99. 99. OpportunitiesClimate change provides us with a two way opportunity. The first one is to lighten globalwarming and environmental problems and the second is to put an end to economical crisis byestablishing new work areas and employment. For example, if we set an aim of reducinggreenhouse gasses by 30%, we would have to do a series of things in order to actualize this suchas accelerating public transportation, research and new production investments for hybrid andelectrical vehicles, jobs that will be created related with new fuel technologies, newemployment that will be created through insulation of buildings, renewable energy plants etc.When we look at developed countries, a large portion of the 825 billion USD economical packetannounced in the USA in 2009 has been spared for insulation in buildings, improvement inunproductive electricity network and renewable energy investments. The US envisages 5 millionnew green employments with this program. Similar programs have been established incountries like Korea, Japan, China, England and Germany. Progress and new employmentprojects are being put into practice in fields such as the development of agricultural land,forestation and protection of water resources. With the expression of John Gardner who is thefounder of Common Cause located in the US: “Climate change is a series of opportunities whichpresents itself as an unsolvable problem.” On the other hand, it is useful to think that thistransition process can be achieved through a new production-consumption culture and a newsocial solidarity. In order to save from energy, they will have to spend money on humans.Although these expenses will return in the process, there will be a need for public support andfinancing in the many investments and economies will liven up…As it is stated in the previousparts, Turkey’s energy efficiency report is not so bright. The concept of green economy has notbeen perceived sufficiently. In other words, there are still a lot of things to do in Turkey. Forexample, there is a need to issue report cards in the improvement process of current buildings,a large number of manpower in jobs such as projecting, construction, and renovation. Withforestation and agricultural land development studies, there is an opportunity to reduce carbonemission and create serious amounts of employment. Moreover, investments on adaption togreen economy in industry and service sectors, and the features ignited by global carbon tradewill cause for the creation of new sector and careers. The state has to accelerate investments onsubstructures such as special agriculture basins, industrial areas, logistics and networksaccording to this new paradigm. More important is to develop an economy that will providecompetitive superiority such as hydrogen fuels, fuel cells, renewable technologies, electricalvehicles, carbon holding systems, smart networks, new generation insulation material andsmart household appliances. 100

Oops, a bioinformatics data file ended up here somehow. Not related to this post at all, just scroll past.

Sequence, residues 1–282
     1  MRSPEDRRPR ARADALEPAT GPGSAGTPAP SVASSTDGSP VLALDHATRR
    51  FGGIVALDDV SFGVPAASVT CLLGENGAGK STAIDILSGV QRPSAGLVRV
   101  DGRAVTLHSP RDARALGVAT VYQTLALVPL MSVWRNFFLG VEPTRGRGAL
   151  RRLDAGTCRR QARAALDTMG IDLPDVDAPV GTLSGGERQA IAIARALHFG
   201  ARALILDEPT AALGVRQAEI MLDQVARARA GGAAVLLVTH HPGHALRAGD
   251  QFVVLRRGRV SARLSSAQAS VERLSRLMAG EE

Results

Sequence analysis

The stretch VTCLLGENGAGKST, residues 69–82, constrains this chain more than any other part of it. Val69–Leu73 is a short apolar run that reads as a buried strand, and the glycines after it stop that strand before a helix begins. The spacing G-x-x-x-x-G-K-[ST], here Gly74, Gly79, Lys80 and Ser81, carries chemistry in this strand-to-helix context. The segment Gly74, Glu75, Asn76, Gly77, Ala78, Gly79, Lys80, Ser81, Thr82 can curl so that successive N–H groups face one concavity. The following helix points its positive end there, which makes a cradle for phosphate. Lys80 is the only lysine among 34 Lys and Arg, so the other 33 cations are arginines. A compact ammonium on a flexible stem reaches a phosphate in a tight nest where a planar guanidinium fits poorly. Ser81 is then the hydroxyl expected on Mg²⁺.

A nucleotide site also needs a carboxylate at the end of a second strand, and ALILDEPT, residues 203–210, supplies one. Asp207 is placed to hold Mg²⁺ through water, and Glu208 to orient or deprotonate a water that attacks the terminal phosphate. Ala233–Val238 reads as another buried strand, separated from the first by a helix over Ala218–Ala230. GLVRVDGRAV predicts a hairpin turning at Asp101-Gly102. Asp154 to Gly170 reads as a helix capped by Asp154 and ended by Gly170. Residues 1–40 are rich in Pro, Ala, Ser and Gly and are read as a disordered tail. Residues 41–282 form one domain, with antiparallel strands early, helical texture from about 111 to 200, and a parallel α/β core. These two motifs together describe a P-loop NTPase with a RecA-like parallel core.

100. 100. SESSION IIEnergy Efficieny on Production, Distributionand UsageModeratörDr. Mustafa UysalSpeakersTuncay Engin – West Mediterranean Development AgencyAssistant Prof.Dr.Şükrü ÖZEN - University of AkdenizAssistant Prof.Dr. Mustafa Helvacı - University of Akdeniz 101
  101. 101. Usage and Energy EfficiencyEnergy efficiency policies aim for a sustainable growth, demand security and alivable environment. Energy efficiency requires a great change in every sectorfrom transportation, lighting, buildings, tools, furniture, industry and energyequipment. Energy efficiency is not only saving. It also means new jobs,employment, opportunity and profit. Energy efficiency is a long run processconsisting correct technologies, social awareness and public arrangements. SummaryAmong OECD countries, Turkey is the most energy consuming country with 0,4 TEP per 1.000USD GSYİH. The first reason for the current deficit problem of Turkey is energy importing. Theefficiency provided on energy consumption will make positive contributions to the macroeconomical indicators of Turkey. EU member countries have revealed their energy savingspotential and have declared that they will save an average of 9% in the 2008-2016 term. Theenergy efficiency studies of these countries that are advanced in terms of energy efficiency, areguiding. The world has established a common idea on energy efficiency. Turkey needs toemploy these measures rapidly as an IEA country. When the current building stocks, EquipmentPark, transportation substructure is examined, it will be seen that Turkey’s saving potential isabove EU average. At least 10% savings for the next 10 years is a reasonable and achievablegoal for Turkey. Efficiency investments are the most profitable investments and the energyresource is within the project. It is our priority to detail every aim under every title and make aplan including the measures according to years, application principles, the duties of theapplying, organizing and observing institutions.What is Energy Efficiency?Energy efficiency is minimizing the energy amount consumed without decreasing the amount andquality of production and inhibits economical development and social prosperity. In a broadersense, energy efficiency is all of the measures to prevent losses in gas, steam, heat, air andelectricity, the recovery and evaluation of various wastes or reducing energy demand withadvanced technology without decreasing production and measures such as advanced industrialprocesses and energy recovery. 102